Bandwidth fn (= Nyquist frequency). This value indicates the theoretical maximum frequency that can be determined by the FFT.
For example at a sampling rate of 48 kHz, frequency components up to 24 kHz can be theoretically determined. In the case of an analog system, the practically achievable value is usually somewhat below this, due to analog filters - e.g. at 20 kHz.
Measurement duration D. The measurement duration is given by the sampling rate fs and the blocklength BL.
D = BL / fs.
At fs = 48 kHz and BL = 1024, this yields 1024/48000 Hz = 21.33 ms
Frequency resolution df. The frequency resolution indicates the frequency spacing between two measurement results.
df = fs / BL
At fs = 48 kHz and BL = 1024, this gives a df of 48000 Hz / 1024 = 46.88 Hz.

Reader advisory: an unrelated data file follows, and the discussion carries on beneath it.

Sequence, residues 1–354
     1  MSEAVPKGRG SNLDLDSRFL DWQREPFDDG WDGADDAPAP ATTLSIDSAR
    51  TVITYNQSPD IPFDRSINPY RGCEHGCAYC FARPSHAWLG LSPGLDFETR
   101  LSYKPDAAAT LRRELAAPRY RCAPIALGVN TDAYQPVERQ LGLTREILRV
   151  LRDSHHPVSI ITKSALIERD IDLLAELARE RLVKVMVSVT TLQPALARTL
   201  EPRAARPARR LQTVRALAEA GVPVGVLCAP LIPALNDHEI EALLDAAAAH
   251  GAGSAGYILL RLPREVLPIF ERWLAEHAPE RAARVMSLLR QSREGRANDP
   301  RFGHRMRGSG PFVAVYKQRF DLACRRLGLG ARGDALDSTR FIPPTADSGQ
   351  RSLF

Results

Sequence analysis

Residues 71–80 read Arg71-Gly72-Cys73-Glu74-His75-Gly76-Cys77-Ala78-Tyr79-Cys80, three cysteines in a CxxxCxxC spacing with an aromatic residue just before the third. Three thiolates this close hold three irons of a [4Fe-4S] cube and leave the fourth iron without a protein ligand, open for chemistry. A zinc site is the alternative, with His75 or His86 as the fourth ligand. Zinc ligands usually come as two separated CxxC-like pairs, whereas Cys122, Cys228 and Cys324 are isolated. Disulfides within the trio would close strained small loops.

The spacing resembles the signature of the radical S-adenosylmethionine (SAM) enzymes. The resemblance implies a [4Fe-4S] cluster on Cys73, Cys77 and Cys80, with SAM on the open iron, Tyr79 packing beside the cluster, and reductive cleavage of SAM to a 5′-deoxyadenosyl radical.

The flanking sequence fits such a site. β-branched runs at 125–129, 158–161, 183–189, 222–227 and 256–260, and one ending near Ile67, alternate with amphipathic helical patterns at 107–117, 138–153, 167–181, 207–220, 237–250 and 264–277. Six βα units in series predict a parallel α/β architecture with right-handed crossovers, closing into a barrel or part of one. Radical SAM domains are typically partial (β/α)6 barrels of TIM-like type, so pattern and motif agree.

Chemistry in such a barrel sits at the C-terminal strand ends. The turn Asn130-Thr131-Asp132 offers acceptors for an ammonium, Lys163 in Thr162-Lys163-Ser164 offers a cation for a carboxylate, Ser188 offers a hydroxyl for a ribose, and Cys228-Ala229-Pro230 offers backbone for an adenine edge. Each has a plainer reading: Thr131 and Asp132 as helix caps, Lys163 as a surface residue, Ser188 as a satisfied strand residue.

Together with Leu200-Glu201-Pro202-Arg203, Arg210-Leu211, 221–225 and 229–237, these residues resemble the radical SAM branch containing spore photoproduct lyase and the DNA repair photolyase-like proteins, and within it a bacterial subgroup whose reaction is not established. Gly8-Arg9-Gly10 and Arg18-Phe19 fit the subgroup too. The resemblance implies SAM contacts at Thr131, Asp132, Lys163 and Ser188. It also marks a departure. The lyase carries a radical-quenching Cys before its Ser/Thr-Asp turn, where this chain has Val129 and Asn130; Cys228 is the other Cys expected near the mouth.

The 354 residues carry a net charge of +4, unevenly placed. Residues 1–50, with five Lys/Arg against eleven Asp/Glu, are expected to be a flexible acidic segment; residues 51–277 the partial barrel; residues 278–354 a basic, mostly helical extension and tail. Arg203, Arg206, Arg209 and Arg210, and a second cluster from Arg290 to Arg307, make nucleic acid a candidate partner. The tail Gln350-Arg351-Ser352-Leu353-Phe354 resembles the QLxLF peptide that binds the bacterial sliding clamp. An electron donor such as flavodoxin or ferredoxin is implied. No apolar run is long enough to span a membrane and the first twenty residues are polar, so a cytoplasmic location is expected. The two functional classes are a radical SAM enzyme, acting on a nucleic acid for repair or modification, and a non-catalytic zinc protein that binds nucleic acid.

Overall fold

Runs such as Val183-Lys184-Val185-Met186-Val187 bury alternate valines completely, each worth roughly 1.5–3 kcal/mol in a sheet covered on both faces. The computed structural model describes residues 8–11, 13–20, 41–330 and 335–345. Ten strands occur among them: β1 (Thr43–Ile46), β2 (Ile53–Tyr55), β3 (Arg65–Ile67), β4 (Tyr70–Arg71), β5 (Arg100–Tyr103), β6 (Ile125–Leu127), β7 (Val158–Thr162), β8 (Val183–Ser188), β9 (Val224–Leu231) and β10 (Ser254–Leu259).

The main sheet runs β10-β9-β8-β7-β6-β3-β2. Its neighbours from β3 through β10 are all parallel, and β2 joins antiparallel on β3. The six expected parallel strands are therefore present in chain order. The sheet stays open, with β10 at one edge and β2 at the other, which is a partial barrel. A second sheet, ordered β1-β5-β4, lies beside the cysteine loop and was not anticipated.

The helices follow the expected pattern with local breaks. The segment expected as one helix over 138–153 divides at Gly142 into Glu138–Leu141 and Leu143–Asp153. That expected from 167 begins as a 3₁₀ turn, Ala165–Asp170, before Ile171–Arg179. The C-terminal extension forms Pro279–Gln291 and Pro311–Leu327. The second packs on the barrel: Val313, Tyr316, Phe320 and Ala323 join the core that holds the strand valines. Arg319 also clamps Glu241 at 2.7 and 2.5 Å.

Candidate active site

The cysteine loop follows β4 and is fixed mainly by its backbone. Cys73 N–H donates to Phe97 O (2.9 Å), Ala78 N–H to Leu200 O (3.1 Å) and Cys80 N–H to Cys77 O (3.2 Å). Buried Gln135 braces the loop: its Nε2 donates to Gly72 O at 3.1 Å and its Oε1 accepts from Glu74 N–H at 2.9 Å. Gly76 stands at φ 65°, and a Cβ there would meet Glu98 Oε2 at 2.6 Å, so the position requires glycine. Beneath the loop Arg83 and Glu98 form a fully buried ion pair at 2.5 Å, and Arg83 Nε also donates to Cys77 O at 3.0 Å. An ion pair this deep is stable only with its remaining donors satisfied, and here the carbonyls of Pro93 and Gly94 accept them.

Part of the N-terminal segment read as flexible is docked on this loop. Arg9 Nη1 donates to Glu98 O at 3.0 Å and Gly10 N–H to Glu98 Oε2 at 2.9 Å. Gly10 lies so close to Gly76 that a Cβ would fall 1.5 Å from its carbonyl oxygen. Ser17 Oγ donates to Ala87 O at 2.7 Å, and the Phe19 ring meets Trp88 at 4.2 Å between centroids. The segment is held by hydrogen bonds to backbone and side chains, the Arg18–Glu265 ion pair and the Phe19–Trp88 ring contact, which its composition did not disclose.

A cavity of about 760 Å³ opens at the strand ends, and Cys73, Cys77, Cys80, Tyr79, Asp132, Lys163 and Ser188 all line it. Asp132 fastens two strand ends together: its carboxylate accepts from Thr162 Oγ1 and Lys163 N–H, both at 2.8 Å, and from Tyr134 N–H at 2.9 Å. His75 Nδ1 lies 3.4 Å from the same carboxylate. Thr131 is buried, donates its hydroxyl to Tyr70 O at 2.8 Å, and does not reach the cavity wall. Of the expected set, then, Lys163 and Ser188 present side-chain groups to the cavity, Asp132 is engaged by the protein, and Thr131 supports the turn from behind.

In practice, the sampling frequency fs is usually a variable given by the system. However, by selecting the blocklength BL, the measurement duration and frequency resolution can be defined. The following applies:
It can be seen that condition 2. would apply only to very few signals. The sampling of a signal whose frequencies are not an integer multiple of df would begin and end within a block of 2^n samples with different values. This results in a jump in the time signal, and a "smeared" FFT spectrum. (aka Leakage)
In order to prevent this smearing, in practice "windowing" is applied to the signal sample. Using a weighting function, the signal sample is more or less gently turned on and off. The result is that the sampled and subsequent "windowed" signal begins and ends at amplitude zero. The sample can now be repeated periodically without a hard transition.